There has been talk about cannibalism on this weblog before. A school of anthropologists have been trying to argue for a few decades that legends of cannibalism are simply myths that are used to dehumanize the “Other.” Some scholars, like Jared Diamond, disagree with this assessment very strongly and assert that the analysis is not only faulty, but biased by the tendency of some anthropologists to see noble savages where there aren’t any. The cannibalism-is-a-myth thesis has some appeal, Martin Gardner, contributor to The Skeptic, found the idea plausible. I say “found” because I suspect that Gardner was convinced (I don’t know if he’s commented on the topic of late) by the genetic evidence which suggests selection for prion resistence could be detected in many human populations. This is a nice way that genetic evidence can be used to supplement the discourse in other disciplines, especially in fields where the exchanges are somewhat value-laden and emotionally explosive. Another example would be the likelihood that the crypto-Jews of New Mexico might actually have non-trivial Jewish ancestry. The contrarian skeptical bent in cultural anthropology was to explain these stories as myths generated by particular social biases and the relicts of attempts by Seventh Day Adventists to convert Latinos in the American Southwest in the early 20th century (ergo, Jewish ritual traditions). This explanation received featured space in The Atlantic Monthly in the late 1990s, and I accepted it simply because it seemed less sensational than the alternative.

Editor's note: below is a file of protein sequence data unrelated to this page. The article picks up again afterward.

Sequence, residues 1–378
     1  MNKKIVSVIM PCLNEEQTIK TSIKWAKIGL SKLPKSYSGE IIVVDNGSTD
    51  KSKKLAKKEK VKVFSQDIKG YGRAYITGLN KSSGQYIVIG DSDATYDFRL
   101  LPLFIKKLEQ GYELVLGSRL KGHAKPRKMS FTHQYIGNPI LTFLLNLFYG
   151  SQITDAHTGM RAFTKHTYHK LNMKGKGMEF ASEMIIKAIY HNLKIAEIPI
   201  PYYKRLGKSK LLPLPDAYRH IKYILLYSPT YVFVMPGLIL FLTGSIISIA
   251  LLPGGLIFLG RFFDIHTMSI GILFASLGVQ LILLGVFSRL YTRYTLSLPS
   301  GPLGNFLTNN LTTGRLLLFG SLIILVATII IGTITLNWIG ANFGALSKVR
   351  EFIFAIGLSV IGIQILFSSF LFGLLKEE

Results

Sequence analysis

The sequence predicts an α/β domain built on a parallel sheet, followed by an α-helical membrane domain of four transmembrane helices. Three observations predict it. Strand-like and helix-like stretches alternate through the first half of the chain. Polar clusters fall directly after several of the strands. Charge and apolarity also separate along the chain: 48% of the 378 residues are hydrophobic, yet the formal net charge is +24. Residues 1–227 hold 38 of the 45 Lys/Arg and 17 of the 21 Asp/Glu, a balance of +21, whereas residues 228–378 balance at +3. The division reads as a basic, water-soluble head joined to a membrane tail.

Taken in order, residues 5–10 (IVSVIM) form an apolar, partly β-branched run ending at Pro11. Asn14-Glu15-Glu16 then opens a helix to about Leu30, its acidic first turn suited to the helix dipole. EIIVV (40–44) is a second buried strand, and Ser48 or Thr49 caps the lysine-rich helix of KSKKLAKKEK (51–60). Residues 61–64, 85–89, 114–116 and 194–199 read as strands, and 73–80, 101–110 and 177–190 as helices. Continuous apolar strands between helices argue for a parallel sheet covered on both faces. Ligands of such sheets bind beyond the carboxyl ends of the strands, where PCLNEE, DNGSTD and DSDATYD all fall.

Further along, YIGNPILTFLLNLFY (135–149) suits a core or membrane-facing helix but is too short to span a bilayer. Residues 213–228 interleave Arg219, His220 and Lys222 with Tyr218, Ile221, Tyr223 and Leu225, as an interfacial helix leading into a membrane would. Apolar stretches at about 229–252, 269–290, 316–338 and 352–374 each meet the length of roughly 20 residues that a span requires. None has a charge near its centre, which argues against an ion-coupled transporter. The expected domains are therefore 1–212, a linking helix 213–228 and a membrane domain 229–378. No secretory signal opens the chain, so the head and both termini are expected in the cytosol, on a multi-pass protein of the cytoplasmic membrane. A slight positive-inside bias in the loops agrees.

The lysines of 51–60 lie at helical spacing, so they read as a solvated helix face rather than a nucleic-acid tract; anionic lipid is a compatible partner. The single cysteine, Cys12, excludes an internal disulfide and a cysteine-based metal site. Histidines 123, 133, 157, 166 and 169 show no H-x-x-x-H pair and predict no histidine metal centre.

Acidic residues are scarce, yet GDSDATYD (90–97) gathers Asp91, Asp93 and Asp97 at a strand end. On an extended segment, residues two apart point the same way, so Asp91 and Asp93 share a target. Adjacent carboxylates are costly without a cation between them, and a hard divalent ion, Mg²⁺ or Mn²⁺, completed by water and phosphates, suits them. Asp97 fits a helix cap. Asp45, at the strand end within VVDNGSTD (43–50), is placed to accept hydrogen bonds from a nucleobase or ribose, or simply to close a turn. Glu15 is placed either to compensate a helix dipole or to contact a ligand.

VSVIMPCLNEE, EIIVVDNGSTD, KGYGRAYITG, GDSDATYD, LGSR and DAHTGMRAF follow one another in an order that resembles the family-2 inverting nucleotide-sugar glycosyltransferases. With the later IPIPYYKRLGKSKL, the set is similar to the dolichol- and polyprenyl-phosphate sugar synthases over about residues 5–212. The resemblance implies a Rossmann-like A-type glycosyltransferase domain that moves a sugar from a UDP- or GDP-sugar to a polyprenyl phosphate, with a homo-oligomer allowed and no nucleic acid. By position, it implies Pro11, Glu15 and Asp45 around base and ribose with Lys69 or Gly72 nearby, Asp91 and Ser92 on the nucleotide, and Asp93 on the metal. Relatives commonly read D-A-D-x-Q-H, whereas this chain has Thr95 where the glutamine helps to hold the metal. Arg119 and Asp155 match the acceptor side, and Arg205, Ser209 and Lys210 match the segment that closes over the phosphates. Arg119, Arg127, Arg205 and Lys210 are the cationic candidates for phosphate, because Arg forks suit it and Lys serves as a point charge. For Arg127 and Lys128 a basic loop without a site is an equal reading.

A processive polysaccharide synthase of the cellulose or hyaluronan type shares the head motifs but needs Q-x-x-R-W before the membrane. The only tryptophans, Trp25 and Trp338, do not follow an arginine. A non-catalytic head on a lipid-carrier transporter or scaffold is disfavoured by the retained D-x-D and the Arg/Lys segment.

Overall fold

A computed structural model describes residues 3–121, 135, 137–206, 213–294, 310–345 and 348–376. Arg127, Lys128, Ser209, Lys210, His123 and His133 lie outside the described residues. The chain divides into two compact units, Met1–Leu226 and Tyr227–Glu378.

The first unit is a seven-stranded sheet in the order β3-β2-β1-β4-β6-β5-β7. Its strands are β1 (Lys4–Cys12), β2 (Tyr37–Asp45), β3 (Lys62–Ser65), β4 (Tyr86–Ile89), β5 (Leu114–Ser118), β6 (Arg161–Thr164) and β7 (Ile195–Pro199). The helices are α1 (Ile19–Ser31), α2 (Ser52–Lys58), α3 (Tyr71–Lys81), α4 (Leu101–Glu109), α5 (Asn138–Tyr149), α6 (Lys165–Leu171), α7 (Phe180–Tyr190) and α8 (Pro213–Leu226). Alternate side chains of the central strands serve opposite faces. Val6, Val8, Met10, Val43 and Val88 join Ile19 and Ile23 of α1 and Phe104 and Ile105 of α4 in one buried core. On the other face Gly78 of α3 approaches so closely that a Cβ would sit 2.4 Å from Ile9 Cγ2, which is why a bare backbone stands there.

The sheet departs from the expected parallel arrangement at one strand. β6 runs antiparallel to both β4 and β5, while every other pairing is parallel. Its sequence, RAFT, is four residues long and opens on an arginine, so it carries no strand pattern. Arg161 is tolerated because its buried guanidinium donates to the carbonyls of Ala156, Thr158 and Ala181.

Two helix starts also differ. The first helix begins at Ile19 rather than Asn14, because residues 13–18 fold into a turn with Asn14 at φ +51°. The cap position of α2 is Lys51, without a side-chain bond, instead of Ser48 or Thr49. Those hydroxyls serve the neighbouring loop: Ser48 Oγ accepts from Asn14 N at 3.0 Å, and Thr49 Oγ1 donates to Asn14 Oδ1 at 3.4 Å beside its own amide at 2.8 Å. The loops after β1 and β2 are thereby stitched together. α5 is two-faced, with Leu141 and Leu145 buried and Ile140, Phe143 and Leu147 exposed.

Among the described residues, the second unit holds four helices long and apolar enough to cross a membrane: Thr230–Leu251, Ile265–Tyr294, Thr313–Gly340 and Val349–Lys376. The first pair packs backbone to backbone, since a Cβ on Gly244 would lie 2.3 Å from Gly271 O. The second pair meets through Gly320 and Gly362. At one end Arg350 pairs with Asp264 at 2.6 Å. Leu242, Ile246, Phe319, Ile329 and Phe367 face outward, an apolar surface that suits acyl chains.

Nevertheless science doesn’t have the surety of God. A new paper disputes the findings in about the history of cannibalism in regards to the magnitude of the practice, though I think the general thrust (that cannibalism is not a myth) remains standing from what I can see (link via Abhi). I’ve uploaded the file as “cannibal” in the forum, jump to the discussion to see what I mean by rejecting the extent but leaving open the plausibility of this practice locally.